So, I do find it necessary to show a client my still life work, for example, when I am bidding on a still life job. I recently photographed a project where the art director was very complimentary of my work and was excited to work on a project with me. However, he was a little concerned as to whether or not I could shoot “happy” pictures. I sent him some appropriate examples of work relative to the job, which solidified his confidence in me. I was allowed a good amount of creative freedom on the job and the results were fantastic; he was very pleased and used me again for another project for the same magazine.

What have been some favorite projects you’ve done, commercial and non-commercial?

That’s a hard one… photographing Ross Campbell for his book Wet Moonwas a really fun, great time. Ross and I have known each other for years but had never collaborated before on a project together. One of the images from the project was featured in the advertising section of the 2007 Communication Arts Photo Annual.

Shooting the Big E for the Mascola Group is also a personal favorite, as it allows me to be an unapologetic voyeur and eat as much deep-fried cheese curd as my arteries will allow. This year I am taking a portable defibrillator.

My favorite non-commercial endeavor is my Cuba project. Visiting family on the island for the first time was an emotional experience for me. My grandfather is a staunch supporter of a Revolution which has never made good on its promise and he is part of a generation that is slowly dying out. These people have a voice, which is never heard because it is drowned by the self-righteousness of the Cuban government and silenced by imperialism of the U.S. government. My goal when I return to Cuba is to expand my photo essay to give voice to these people, which have been ignored and forgotten. The project is called “Left Behind.” I plan on returning at the end of 2008 / early 2009.

What should an art director know about working with a photographer? 

Good communication is everything. I think an art director needs to trust their photographer and the photographer’s abilities to bring that vision to fruition. I find the best way to prepare is to share layouts, discuss variations of the shoot — especially on the bidding of a project — and to not let the client also hijack a photo shoot. That’s the worst. I think a good art director needs to mediate their vision between the photographer, agency and the client.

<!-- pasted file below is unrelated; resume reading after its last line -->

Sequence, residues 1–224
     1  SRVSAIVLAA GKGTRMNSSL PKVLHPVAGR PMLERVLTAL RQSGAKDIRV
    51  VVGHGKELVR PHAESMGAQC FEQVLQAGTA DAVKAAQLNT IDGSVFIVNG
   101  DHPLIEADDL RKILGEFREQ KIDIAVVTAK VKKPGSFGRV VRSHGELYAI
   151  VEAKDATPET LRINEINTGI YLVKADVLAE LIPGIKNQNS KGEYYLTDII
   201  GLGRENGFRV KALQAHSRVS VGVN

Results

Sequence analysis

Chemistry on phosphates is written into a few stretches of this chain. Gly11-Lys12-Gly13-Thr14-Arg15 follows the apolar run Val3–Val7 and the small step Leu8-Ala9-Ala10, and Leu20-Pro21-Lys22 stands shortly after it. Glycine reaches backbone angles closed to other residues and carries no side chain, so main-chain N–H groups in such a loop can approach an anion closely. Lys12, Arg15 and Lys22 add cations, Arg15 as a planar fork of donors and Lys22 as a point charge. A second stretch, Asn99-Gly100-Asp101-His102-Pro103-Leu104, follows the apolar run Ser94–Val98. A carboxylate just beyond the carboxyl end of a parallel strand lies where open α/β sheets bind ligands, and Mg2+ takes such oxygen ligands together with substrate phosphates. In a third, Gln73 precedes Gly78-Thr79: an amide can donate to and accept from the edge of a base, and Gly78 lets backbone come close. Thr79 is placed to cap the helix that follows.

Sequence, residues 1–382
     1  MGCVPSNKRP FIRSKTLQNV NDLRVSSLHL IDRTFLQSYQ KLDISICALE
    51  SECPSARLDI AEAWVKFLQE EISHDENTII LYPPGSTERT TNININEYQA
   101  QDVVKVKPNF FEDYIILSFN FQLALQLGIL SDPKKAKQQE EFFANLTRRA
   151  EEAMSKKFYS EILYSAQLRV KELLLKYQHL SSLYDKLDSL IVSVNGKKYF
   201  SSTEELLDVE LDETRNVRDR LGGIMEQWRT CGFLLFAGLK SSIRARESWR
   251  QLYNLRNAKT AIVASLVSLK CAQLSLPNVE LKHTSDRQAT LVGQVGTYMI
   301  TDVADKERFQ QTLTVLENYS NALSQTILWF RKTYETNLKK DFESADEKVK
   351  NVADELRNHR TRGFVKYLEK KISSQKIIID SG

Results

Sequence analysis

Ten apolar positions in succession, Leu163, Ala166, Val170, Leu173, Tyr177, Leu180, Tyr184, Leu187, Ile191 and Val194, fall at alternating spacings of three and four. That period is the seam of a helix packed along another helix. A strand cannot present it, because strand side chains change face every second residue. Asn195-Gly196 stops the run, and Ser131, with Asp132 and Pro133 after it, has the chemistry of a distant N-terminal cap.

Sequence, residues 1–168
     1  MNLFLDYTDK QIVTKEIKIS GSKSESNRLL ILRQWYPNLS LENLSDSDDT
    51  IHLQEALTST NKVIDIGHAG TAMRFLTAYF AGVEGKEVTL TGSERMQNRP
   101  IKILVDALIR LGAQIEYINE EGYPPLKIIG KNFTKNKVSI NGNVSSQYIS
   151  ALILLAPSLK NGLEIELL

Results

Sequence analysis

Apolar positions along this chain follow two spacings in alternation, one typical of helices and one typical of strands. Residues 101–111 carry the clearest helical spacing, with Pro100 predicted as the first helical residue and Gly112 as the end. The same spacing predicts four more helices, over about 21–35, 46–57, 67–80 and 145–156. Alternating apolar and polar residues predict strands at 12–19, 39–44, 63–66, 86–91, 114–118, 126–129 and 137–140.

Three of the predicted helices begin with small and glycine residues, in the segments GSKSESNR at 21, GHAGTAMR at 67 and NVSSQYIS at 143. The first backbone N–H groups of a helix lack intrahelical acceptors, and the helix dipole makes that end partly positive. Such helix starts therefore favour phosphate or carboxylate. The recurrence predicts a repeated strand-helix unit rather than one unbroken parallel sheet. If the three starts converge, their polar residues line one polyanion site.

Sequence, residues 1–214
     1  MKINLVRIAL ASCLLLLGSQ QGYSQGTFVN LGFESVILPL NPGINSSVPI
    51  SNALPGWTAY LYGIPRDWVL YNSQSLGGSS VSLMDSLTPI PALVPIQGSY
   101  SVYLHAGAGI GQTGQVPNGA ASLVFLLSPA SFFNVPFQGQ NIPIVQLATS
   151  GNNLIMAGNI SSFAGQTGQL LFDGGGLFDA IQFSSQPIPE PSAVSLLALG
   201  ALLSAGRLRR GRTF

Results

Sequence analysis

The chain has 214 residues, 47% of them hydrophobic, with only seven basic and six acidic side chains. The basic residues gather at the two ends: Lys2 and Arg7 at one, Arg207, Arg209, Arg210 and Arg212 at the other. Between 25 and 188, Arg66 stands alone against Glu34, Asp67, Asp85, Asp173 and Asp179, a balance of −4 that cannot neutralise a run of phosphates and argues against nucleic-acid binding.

I also like to read the copy, if available. It not only provides me with a bit of background on the subject but also helps me to understand what the shoot should look like.

How do you feel about providing an art director with “the one perfect shot” versus handing over a whole shoot to an art director to choose from? Do you think the selection should be strictly in your hands?

No, I don’t think the selection should be strictly in my hands, though I sometimes wish it was. Whenever I do a shoot, I send the art director a website arranged from my most preferred to least preferred images. This usually helps decide selects. There’s usually collaboration between the art director and myself.

What is your favorite aspect of photography?

Creation is the best part of photography. My strength is portrait photography — and that would also be my favorite. I like engaging people, I like being in control, and I like being a voyeur.

Do you feel photography should be strictly documentarian, or should it exaggerate reality to tell a story or invoke an emotion?

It all depends. If you are recording news as a journalist, then it should be strict reality. If it’s an advertising or editorial job, I think it’s definitely up to the photographer’s vision. I personally love to exaggerate reality. There are a lot of storytellers in my family, and a lot of my influences have always had colorful speech and were able to tell a story with robust passion and vibrancy.

How do you balance mastering the technical aspect of photography and still infusing art and soul into a shot?

It’s easy… I’m not intimidated by technology, I utilize old and new technology, I know how to manipulate light and push pixels around.

What is your take on stock photography? 

Stock photography is a part of the industry that assignment photographers wish didn’t exist. But stock is such a powerhouse in the industry, and it’s never going to go away.

I think that stock has really eroded away at assignment work and that, in combination with the digital age, has cast a lot of unrealistic expectations on photographers, such as same-day turnaround on a photo shoot. Photographers are often bidding not against other photographers, but against Getty or Corbis.

I don’t know how many times I’ve looked through brochures and seen competitors have the same imagery to sell a similar product.

What are some misconceptions or issues with licensing photography that you wish you could clear up with art directors and buyers?

Licensing an image is a great way to get the best value for a custom photo shoot and protects the client as much as is does the photographer. The value of a photographer’s image extends beyond the photo shoot that the photographer is contracted for. By licensing an image you pay for what you use.

I am aware that a common concern with art directors and art buyers is the notion that they don’t want to bother with relicensing an image every year or risk copyright infringement two years after the shoot is done. I completely understand this concern, and if the client feels that future relicensing would be an issue, then we can work that out in negotiations right off the bat.

Some photographers know that their work has no value past a given assignment; therefore they give away their licensing for free. I don’t do that. My fee is tailored to the complexity of the project, expenses involved in the project, and the usage.